A Nova Scotia woman is calling for a full barrier across a busy Halifax bridge to prevent suicide deaths like that of her son.
More than six months after Adam Cashen's death, Carol Cashen says she believes her son "was one of those that could have been saved."
Cashen told CBC News Wednesday Adam was a typical 19-year old — active, fun and smart — and the family had no warning that things were about to go tragically wrong.
But in the early hours of July 26, Adam stood on the walkway of the Angus L. Macdonald Bridge. He tried to call some of his friends but no one answered. He sent a text message to his mother. After a while, he climbed the railing and jumped.
Cashen's phone beeped. She picked it up and saw the text message from Adam.
"He said he was sorry and that he loved me," she said.
Cashen said her son was impulsive and didn't think before he acted.
"I think he went for a walk that morning and he became upset and … the bridge was there. I think if there was a barrier there we wouldn't be sitting here today talking about it," she said.
The idea of a screen to prevent people from jumping off bridges has been implemented elsewhere. A steel barrier was installed on the Jacques Cartier Bridge in Montreal in 2004. Last year, officials installed cages to stop climbers.
There's also a barrier over the Bloor Street Viaduct in Toronto, which has eliminated suicides there, said Carol Tooton, with the Canadian Mental Health Association in Nova Scotia.
Tooton believes a similar structure could make a difference in Halifax.
"We know that from research that if we can limit an individual's access to the means by which they can do self-harm, then we're going to be possibly eliminating a suicide," she said.
There is a partial barrier on the Macdonald Bridge. The Department of National Defence requested it to protect workers directly below from falling objects.
Can't extend barrier: commission
Steve Snider, general manager and CEO of the Halifax-Dartmouth Bridge Commission, said it's not possible to extend the barrier.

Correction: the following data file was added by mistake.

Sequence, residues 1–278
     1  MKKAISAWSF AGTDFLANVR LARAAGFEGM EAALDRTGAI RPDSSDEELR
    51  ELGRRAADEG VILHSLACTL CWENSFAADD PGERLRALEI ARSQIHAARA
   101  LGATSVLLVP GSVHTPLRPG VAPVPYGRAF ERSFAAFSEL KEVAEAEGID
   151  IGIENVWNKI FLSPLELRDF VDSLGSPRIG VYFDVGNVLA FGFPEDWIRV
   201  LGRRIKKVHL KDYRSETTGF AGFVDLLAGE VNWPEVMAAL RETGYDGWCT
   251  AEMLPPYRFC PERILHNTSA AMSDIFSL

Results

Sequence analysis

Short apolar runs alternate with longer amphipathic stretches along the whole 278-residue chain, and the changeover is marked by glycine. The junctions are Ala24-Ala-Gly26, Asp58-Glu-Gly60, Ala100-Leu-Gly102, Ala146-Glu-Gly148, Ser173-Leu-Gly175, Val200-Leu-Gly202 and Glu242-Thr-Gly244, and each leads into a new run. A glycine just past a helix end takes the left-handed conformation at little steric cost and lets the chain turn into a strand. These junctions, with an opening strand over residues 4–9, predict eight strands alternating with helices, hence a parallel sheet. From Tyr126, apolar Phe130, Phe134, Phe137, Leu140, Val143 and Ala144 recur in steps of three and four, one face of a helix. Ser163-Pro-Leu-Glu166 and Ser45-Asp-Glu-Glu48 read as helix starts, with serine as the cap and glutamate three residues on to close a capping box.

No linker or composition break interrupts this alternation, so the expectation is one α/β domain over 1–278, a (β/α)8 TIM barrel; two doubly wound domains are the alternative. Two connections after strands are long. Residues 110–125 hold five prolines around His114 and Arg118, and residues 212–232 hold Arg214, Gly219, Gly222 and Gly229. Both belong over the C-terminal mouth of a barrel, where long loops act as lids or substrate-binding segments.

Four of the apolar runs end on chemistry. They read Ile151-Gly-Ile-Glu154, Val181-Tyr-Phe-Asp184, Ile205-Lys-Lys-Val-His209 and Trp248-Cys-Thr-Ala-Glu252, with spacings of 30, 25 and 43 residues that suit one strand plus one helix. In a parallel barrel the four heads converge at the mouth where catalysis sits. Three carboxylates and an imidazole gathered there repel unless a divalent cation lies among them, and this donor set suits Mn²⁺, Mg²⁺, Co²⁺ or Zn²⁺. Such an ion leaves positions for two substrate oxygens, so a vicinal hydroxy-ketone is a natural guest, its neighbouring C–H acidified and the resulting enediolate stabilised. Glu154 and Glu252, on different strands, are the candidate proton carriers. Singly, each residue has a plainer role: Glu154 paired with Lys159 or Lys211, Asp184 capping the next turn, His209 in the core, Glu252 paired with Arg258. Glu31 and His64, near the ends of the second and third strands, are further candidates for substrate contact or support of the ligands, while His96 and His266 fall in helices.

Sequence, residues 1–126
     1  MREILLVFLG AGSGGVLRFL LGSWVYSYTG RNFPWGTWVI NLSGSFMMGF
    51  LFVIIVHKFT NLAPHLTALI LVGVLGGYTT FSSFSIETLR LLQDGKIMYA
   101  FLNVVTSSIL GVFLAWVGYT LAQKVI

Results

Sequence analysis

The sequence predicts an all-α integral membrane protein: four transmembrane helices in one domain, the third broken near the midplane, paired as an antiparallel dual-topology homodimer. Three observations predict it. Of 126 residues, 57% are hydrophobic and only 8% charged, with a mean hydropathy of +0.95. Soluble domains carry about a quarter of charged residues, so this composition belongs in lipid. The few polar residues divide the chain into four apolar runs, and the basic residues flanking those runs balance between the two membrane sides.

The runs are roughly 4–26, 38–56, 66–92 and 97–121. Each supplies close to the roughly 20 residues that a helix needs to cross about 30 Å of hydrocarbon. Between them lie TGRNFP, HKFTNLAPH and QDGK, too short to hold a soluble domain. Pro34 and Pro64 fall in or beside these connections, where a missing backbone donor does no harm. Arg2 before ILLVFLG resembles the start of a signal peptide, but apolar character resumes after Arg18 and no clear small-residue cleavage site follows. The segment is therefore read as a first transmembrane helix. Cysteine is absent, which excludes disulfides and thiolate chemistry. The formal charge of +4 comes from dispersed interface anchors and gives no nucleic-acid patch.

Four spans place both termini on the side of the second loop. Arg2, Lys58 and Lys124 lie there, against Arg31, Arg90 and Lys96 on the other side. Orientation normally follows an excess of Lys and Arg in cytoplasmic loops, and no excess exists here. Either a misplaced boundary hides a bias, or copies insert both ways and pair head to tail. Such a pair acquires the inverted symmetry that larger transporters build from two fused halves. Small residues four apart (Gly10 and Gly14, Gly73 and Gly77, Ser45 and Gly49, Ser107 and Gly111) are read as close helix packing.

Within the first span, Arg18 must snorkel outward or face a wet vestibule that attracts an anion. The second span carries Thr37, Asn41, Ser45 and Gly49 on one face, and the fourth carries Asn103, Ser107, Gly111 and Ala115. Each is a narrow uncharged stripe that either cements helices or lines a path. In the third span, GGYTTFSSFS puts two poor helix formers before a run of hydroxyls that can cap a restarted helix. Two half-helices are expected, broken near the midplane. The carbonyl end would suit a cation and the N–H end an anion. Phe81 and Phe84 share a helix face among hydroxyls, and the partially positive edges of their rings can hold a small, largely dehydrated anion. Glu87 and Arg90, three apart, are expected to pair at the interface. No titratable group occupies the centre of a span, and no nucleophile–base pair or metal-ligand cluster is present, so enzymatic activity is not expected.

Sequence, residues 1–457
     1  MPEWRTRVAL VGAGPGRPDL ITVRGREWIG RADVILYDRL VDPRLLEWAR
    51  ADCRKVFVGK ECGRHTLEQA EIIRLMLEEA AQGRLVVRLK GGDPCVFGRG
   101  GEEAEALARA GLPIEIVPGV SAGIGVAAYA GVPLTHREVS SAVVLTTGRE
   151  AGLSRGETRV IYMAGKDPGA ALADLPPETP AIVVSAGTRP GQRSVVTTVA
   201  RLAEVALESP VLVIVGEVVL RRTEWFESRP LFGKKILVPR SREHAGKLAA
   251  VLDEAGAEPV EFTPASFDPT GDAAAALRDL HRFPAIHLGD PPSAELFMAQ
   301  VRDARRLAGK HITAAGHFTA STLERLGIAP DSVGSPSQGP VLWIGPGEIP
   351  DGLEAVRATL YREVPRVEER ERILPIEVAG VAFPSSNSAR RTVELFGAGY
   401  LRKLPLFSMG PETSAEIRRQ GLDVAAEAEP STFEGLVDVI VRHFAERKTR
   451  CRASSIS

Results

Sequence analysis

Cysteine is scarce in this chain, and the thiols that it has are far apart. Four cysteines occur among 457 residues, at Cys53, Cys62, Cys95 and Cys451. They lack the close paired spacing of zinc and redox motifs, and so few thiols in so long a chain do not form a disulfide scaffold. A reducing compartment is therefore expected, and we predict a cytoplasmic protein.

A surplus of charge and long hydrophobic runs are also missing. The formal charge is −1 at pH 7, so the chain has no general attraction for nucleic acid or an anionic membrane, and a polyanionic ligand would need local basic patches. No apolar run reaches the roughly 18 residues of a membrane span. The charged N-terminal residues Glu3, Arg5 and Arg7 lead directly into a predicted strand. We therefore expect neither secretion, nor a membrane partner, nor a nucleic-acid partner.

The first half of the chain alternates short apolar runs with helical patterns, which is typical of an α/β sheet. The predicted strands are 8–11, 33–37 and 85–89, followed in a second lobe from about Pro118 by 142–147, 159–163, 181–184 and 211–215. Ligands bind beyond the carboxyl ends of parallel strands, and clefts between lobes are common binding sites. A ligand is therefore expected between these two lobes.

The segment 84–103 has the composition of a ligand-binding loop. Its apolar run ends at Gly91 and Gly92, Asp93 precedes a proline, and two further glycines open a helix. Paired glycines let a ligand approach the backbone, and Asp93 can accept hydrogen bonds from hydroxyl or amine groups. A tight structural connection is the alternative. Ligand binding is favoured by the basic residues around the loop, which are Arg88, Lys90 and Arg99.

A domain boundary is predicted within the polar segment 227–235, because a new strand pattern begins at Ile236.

"A combination of the weight load and the resulting wind load doesn't permit us to do that," said Snider.
The bridge commission isn't talking about Adam's case. Neither will it say how many people have jumped from the bridge, citing a concern that doing so could lead to copycat cases.
However, Halifax Regional Police have received 32 calls about suicide attempts on the Macdonald Bridge and seven relating to suicides in the last three years, according to a report in The Coast. And a commission document obtained by the magazine refers to the bridge as a "hot-spot" for suicidal behaviour.
Carol Cashen believes her son was on the bridge for about 40 minutes, and she said there were other missed opportunities to help Adam that day.
She said she was told the cameras were not able to spot Adam because of where he was standing, and while the bridge commission was notified about him being distraught, a vehicle sent by the commission didn't find him.
"I just believe that there needs to be something in place [so] that the bridge isn't as attractive as it is to people thinking of suicide," Cashen said.
Either way although there are some benifits from the idea, it still doesn't come close to solving the problem. They feel suicidal, they goto the bridge, they can't jump, they walk away. They doesn't solve why they were suicidal to begin with, nor will you even know they went there to contemplate suicide, therefore it still doesn't solve the problem and they continue through their life unchanged until the next opportunity comes across.
If someone is going to kill themselves, they'll find a way. Trying to barracade or block certain areas so they can't kill themselves there doesn't solve the problem.
I guess they find a load of bodies around the bridges throughout the years, so it is a problem, but each situation is different with different reasons, and if they can not build up additional sections to the bridge to prevent it due to wind loads and structure, then a better solution is needed apparently.